• Rectus abdominis

  • Obliques

  • Quadriceps


muscles worked by the reverse crunch exercise

The reverse crunch also engages a variety of minor muscles that are important for stability, such as the following.


  • Additional arm muscles

  • Additional leg muscles

  • Additional upper and lower body muscles


Other minor, underlying, and stabilising muscles may also be activated during this exercise.


The different variations of the reverse crunch may target and activate different muscles than the conventional version of the exercise.


Benefits of the Reverse Crunch

There are a multitude of benefits of the reverse crunch. A reverse crunch is a complex exercise that involves several joints and muscle groups (a compound exercise).


It has multiple benefits, such as the following.


  • This exercise helps to strengthen your rectus abdominis muscles. The reverse crunch is most effective in toning and strengthening the rectus abdominis, often known as the "six-pack". This muscle's main purpose is to flex the lower body and spine, which it does well.

  • It also works on other core muscles. Besides your abdominal muscles, reverse crunches also work your transverse abdominis, which is a deep muscle underneath your abdominals, as well as your obliques, among many other minor, underlying, and stabilising muscles.

  • They're easy to do. When doing reverse crunches, all you need is your own bodyweight and a small open area. This implies that you may carry them out anywhere and whenever you choose. Almost anyone can do the reverse crunch.

  • It relieves the pressure on your neck. When doing sit-ups and crunches, individuals often use their hands to move their neck forward and back. Your head remains level on the ground and your neck is not put in a dangerous position when doing a reverse crunch.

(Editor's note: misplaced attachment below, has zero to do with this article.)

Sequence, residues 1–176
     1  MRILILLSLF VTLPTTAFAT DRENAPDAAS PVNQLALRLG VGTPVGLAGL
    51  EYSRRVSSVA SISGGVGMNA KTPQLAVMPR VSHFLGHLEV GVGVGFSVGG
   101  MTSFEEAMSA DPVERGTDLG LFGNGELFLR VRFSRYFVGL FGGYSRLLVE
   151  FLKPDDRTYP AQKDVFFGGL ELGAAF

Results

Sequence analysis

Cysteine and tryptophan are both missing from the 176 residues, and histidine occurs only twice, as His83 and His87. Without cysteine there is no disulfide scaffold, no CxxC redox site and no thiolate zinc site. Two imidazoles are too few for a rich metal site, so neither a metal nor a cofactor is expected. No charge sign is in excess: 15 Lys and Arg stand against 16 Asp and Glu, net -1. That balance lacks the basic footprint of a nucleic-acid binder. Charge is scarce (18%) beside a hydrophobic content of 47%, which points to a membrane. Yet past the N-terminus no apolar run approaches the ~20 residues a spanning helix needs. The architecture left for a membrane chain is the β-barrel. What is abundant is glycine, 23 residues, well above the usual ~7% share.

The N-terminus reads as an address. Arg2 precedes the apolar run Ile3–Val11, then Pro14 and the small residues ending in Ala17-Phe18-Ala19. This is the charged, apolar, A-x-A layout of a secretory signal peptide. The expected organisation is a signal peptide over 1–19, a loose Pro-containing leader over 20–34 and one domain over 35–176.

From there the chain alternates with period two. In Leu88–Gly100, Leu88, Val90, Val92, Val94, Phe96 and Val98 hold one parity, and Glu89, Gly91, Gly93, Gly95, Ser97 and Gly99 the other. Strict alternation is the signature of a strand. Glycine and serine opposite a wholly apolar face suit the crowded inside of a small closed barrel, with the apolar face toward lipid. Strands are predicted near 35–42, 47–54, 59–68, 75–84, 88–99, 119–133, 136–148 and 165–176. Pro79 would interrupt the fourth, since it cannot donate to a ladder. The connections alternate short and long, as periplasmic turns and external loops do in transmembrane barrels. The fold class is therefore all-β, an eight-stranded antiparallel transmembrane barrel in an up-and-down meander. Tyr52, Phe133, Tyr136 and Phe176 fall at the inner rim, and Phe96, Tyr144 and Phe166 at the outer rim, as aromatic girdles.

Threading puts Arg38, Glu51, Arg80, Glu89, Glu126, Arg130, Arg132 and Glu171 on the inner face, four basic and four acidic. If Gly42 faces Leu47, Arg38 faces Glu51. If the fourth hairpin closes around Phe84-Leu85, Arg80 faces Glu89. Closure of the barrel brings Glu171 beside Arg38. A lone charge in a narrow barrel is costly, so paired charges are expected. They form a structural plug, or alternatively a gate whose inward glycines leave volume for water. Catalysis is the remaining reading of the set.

• Crunches are less demanding on your back. It has been shown that decreasing the amount of time your spine bends forward during crunches lowers the strain on your spine. Because reverse crunches bend your spine less than conventional crunches do, they're considered to be less demanding on your back than traditional crunches. (1)



What Are the Drawbacks?

Unlike some other core exercises, the reverse crunch does not target your obliques as much as they should.


You have two layers of muscle on each side of your core that help you twist and bend your lower body, called obliques.


There has been a movement away from isolated core exercises; instead, there is a greater focus on executing compound exercises that are more closely related to athletic movements.


It is possible that you may want to incorporate dynamic core exercises in your programme if you are concentrating on strength training or a specific type of training.


These are workouts that more closely resemble the motions you would do when participating in your sport.


For example, a golfer may want to include rotating medicine ball tosses into his or her training regimen to assist their golfing swing.


Essentially, the reverse crunch is not an all-encompassing exercise and should be added to other abs exercises.


Other than that, the reverse crunch is a great exercise to add to your abs workouts.



 
billy white

Written by Billy White


Billy White is a qualified Kinesiologist and Personal Trainer. He is an aspiring bodybuilder, fitness enthusiast, and health and fitness researcher.


He has multiple years of experience within the fitness, bodybuilding and health space. He is committed to providing the highest-quality information.


 

Further Reading

 

References

This section contains links to research, studies, and sources of information for this article, as well as authors, contributors, etc. All sources, along with the article and facts, are subjected to a series of quality, reliability, and relevance checks.


Real Muscle primarily uses high-quality sources, such as peer-reviewed publications, to back up the information in our articles. To understand more about how we fact-check and keep our information accurate, dependable, and trustworthy, see about us and our editing process.


This evidence-based exercise guide features 1 reference, listed below.


1. Schoenfeld, Brad & Kolber, Morey. Abdominal Crunches Are/Are Not a Safe and Effective Exercise. Strength and Conditioning Journal. (2016) ✔


Citations with a tick indicate the information is from a trusted source.

 

The information provided in this article is not intended to replace professional medical advice, diagnosis, or treatment. Always seek the guidance of a physician or other competent professional before following advice or taking any supplement. See our terms and conditions.